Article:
Christmas at Marble is a time of familyremembrance. It's a time to join with new and old friends to celebrate thewarmth of the season; to sing carols and inhale the aroma of the perfect pinewreaths, decorated with huge red bows, that circle the balcony. It's theChristmas we dreamed of as children. It's the Christmas we long for as adults.
People from allover the world worship at Marbleand this Christmas recording is meant to reflect their diverse backgrounds.
Each of the carols is familiar, from the gentle It Came Upon a MidnightClear that sets the tone for a tender, old fashioned Christmas, to therollicking good cheer of Good Christian Men Rejoice, with itstambourines, harp and high spirited singing. The carols are sung in English butsome verses are heard in their original languages: French, German and evenUkrainian. The settings are simple, the tunes and words well-known, and theperformances balance the sophistication of a Fifth Avenue church with thehometown spirit of Marble.
The essence of Marble is Home. And this recordingis made to conjure up memories of Christmas past and fantasies of snowy seasonsto come. You're invited to sing along or have a party with plenty of friendsand good cheer. Decorate your tree while you listen. Or curl up on the couchwith your dog, a mug of hot chocolate and your memories. Marble is America'sHometown Church and this recording is meant to give you a real hometownChristmas.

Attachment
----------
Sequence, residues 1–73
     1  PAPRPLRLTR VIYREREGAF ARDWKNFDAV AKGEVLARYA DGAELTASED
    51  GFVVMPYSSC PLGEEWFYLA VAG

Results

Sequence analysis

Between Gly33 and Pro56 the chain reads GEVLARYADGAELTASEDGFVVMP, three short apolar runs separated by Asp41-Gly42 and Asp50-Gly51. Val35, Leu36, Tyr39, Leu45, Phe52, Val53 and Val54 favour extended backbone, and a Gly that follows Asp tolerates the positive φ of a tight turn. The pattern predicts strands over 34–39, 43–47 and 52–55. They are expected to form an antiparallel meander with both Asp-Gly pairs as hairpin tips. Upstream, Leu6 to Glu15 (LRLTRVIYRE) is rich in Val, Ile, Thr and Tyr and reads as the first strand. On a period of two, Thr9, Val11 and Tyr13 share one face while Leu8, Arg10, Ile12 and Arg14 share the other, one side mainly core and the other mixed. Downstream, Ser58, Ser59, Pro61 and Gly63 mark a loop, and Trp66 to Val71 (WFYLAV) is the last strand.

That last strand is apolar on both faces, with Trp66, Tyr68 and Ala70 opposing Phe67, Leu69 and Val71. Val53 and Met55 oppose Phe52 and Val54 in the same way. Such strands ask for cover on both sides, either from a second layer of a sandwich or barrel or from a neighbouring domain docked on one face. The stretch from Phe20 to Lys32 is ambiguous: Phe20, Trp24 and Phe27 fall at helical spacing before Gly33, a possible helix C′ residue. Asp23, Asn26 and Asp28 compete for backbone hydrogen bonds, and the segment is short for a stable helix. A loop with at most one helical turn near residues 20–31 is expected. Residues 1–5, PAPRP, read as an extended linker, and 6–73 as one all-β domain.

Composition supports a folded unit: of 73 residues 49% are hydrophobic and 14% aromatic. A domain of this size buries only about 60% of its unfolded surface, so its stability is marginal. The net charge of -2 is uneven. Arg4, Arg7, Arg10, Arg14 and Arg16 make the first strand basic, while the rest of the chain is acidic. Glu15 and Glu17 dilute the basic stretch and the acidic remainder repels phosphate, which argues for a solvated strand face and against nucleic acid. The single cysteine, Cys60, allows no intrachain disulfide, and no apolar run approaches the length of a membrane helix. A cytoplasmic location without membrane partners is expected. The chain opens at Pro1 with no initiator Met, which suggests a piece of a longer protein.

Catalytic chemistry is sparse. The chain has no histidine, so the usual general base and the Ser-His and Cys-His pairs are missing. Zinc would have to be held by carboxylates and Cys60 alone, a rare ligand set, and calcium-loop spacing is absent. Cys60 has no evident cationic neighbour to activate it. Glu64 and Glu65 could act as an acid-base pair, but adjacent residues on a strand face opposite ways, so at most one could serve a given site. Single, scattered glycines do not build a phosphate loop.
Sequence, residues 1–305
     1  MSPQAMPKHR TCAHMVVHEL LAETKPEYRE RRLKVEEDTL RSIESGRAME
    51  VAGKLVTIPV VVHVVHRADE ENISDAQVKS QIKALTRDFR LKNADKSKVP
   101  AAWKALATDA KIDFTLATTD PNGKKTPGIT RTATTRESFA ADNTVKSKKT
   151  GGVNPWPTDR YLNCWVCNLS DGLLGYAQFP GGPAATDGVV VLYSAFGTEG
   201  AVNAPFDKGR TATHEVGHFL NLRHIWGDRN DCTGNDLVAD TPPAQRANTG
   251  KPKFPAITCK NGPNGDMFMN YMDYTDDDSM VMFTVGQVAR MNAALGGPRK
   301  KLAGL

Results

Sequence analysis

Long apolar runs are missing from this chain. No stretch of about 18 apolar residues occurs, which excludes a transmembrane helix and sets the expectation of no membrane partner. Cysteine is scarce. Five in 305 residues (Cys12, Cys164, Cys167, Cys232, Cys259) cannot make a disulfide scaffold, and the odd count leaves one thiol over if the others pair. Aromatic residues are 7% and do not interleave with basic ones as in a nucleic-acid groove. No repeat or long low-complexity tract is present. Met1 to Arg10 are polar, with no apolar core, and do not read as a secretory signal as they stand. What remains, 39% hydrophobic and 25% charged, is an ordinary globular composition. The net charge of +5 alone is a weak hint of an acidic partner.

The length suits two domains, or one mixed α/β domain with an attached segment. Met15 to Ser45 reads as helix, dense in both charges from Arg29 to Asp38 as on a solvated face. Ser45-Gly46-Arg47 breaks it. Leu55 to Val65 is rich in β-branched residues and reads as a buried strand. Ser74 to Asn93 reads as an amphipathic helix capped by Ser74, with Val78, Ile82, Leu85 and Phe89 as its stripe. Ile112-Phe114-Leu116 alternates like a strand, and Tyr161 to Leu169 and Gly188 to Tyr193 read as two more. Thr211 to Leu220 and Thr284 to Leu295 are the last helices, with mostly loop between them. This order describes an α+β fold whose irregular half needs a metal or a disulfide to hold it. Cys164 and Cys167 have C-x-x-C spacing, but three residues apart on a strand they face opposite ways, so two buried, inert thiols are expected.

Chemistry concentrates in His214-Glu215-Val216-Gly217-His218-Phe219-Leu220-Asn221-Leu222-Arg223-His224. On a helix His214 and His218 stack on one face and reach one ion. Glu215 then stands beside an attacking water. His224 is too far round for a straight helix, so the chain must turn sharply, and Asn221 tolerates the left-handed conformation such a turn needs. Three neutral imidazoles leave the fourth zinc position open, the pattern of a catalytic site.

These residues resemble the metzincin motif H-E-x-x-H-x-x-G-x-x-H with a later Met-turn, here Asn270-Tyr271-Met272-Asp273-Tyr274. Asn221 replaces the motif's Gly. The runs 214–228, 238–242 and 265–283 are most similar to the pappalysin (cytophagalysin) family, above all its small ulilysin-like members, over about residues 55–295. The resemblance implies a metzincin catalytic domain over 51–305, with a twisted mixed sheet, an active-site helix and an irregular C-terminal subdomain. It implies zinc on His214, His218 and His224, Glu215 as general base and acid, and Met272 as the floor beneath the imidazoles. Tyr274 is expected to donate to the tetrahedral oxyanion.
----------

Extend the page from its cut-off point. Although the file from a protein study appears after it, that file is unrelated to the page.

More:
1995 June LeBell
Paul Plishkahas been a principal artist andstarring bass of New York's Metropolitan Opera for over 27 years, with a busycareer that has taken him to leading opera-houses throughout North America andEurope. He was born in Pennsylvania into a family of Ukrainian origin and hadhis musical training with the Paterson Lyric Opera Theater before joining theNational Company of the Metropolitan Opera. While his majestic and powerfulvoice and impeccable artistry make him one of the world's foremost singers, inthe opera-house he is most often associated with the music of Giuseppe Verdiand for his renowned and idiomatic portrayal of the title role in BorisGodunov. His recordings include a release from the Metropolitan Opera onlaser disc and video of Verdi's Falstaff, in which he assumes the titlerole under the baton of James Levine, as well as a number of complete operas,and solo recitals of opera arias and of Ukrainian folk songs. His extraordinarybass voice, heard so often in major operatic roles, also exemplifies thegentleness, warmth and depth of feeling associated with the seasonal music ofChristmas. It adds a new dimension to this Christmas release, in which PaulPlishka celebrates the holiday season in a church to which he has developed avery special attachment.
Camellia Johnson's connection with Marble CollegiateChurch began when she joined the alto section of the professional choir. Sincethen she has emerged as a soprano of distinction, making her debut at theMetropolitan Opera in 1985 in Gershwin's Porgy and Bess. Her career hastaken her to major opera-houses from the Met to San Francisco, as well as toGlyndebourne and to the world's concert halls.
Richard Erickson, who served as interim MusicDirector at Marble Collegiate Church for part of the 1995 season and arrangedmany of the carols heard on this record, is director of music at Holy TrinityLutheran Church in New York City and Artistic Director of Bach Works, a NewYork ensemble that specialises in eighteenth-century music.